The votes are counted manually at the end of the day in the polling station, in the presence of all parties and any interested citizens. This seemingly archaic system makes fraud almost impossible. It could be a model for other democracies.
This year’s election was more explicitly about China than ever before, probably because it was preceded by months of heavily mediatized pro-democracy protests and police violence in Hong Kong. In Tainan, DPP legislative candidate Lin Chun-hsien had large campaign banners reading, “Say No to China! Don’t let Hong Kong be Disappointed with Us.” Chinese Nationalist Party (Kuomintang, KMT) opponent Tsai Shu-huei used the slogans “Love Taiwan, Protect Sovereignty, Boost the Economy.” Yet, everyone knows that the DPP is more realistic about China’s military threat to Taiwan, which China seeks to annex In contrast, the KMT seeks closer economic and political ties across the Taiwan Strait. When I pointed out Tsai’s slogan to a local woman, she rolled her eyes and said, “That’s because this is Tainan. They know we all care about sovereignty.”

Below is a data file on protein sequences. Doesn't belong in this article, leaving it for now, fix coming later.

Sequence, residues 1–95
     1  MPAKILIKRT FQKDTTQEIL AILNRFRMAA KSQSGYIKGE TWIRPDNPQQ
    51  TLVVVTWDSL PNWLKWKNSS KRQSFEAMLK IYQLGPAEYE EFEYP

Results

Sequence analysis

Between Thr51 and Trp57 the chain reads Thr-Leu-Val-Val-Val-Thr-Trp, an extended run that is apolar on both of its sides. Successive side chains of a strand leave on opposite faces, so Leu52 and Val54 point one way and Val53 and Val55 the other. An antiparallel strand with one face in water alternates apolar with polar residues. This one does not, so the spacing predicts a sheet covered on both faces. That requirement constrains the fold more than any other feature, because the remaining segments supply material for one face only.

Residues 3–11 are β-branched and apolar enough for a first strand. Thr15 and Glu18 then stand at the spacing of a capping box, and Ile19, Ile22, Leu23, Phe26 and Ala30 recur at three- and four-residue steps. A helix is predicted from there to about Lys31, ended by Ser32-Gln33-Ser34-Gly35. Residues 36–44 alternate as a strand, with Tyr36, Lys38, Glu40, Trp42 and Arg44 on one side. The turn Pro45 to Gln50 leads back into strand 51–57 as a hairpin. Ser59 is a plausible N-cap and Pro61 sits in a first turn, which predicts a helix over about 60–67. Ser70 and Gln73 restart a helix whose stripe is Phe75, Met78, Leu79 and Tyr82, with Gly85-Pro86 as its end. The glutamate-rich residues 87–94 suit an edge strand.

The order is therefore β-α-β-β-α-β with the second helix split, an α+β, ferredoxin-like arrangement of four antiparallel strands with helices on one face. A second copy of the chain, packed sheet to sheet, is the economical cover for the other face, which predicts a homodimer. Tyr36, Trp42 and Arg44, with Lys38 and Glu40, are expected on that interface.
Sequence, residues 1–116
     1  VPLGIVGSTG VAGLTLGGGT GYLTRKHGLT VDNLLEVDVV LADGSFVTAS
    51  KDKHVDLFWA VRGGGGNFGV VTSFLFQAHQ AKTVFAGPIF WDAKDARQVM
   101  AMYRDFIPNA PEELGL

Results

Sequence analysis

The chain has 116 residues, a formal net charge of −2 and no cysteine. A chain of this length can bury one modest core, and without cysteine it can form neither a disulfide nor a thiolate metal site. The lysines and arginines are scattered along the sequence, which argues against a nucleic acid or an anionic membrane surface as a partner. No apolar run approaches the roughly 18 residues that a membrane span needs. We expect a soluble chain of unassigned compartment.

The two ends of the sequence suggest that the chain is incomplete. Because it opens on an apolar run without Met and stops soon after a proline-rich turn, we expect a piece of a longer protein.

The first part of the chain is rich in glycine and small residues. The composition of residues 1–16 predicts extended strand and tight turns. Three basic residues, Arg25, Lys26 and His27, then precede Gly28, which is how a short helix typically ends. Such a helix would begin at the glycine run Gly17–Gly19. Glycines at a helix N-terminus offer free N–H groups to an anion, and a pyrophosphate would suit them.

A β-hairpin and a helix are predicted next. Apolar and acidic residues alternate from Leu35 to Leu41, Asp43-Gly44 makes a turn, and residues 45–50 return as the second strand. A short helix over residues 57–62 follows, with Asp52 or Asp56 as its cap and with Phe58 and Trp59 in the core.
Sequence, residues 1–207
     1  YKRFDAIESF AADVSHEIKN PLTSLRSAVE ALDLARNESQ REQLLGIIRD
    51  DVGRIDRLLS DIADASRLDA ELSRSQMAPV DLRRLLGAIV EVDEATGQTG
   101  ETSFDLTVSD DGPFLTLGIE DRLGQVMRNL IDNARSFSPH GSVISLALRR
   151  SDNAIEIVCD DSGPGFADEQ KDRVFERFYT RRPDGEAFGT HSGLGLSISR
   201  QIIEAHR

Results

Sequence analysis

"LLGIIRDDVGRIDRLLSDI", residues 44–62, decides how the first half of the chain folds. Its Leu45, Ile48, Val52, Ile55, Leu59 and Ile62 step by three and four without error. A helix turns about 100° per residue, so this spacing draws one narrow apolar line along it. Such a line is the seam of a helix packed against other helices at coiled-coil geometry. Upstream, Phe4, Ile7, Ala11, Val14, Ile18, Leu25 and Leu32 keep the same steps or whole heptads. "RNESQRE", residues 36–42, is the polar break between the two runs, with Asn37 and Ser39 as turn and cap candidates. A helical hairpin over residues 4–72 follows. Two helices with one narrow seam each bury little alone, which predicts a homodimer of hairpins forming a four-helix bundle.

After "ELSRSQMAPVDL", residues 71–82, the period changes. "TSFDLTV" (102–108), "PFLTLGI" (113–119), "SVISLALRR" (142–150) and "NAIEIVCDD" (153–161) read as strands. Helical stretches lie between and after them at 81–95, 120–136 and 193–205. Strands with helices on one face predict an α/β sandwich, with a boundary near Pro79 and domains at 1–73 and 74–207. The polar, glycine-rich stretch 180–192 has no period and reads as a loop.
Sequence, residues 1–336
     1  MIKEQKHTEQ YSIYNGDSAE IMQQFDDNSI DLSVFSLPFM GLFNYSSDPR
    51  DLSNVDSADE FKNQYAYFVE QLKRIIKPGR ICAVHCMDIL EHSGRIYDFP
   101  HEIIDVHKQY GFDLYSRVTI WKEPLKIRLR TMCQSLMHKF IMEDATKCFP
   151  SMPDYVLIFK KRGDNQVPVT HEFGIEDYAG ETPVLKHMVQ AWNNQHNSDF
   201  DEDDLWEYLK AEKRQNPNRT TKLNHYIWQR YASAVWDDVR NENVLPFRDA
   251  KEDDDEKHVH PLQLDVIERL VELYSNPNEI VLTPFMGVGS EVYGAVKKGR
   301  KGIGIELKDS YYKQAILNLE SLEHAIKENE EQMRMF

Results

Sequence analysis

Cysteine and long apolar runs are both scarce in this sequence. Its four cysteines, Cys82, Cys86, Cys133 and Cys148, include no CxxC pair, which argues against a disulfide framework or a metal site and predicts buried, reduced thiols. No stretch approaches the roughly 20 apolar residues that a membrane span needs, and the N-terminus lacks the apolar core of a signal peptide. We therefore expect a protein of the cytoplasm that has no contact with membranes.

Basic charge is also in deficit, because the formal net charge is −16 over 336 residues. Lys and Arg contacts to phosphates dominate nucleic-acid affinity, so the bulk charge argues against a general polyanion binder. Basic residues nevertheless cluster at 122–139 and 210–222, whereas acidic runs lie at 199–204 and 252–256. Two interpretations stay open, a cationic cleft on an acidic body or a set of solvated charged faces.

Recommended: What do Canadians think of China and the US?
Other issues weighed heavily on voter’s minds. Many of the KMT supporters were furious at Tsai for having implemented pension reform that eliminated savings plans with state-funded 18% interest rates for retired public servants. In the wake of Taiwan’s legalization of same-sex marriage, some KMT candidates (including Tainan’s Hung Hsiu-chu) ran on explicitly homophobic platforms. Most people seemed as worried about the erratic personality and incoherent platform of KMT presidential candidate, Daniel Han, as they were about his close ties with China.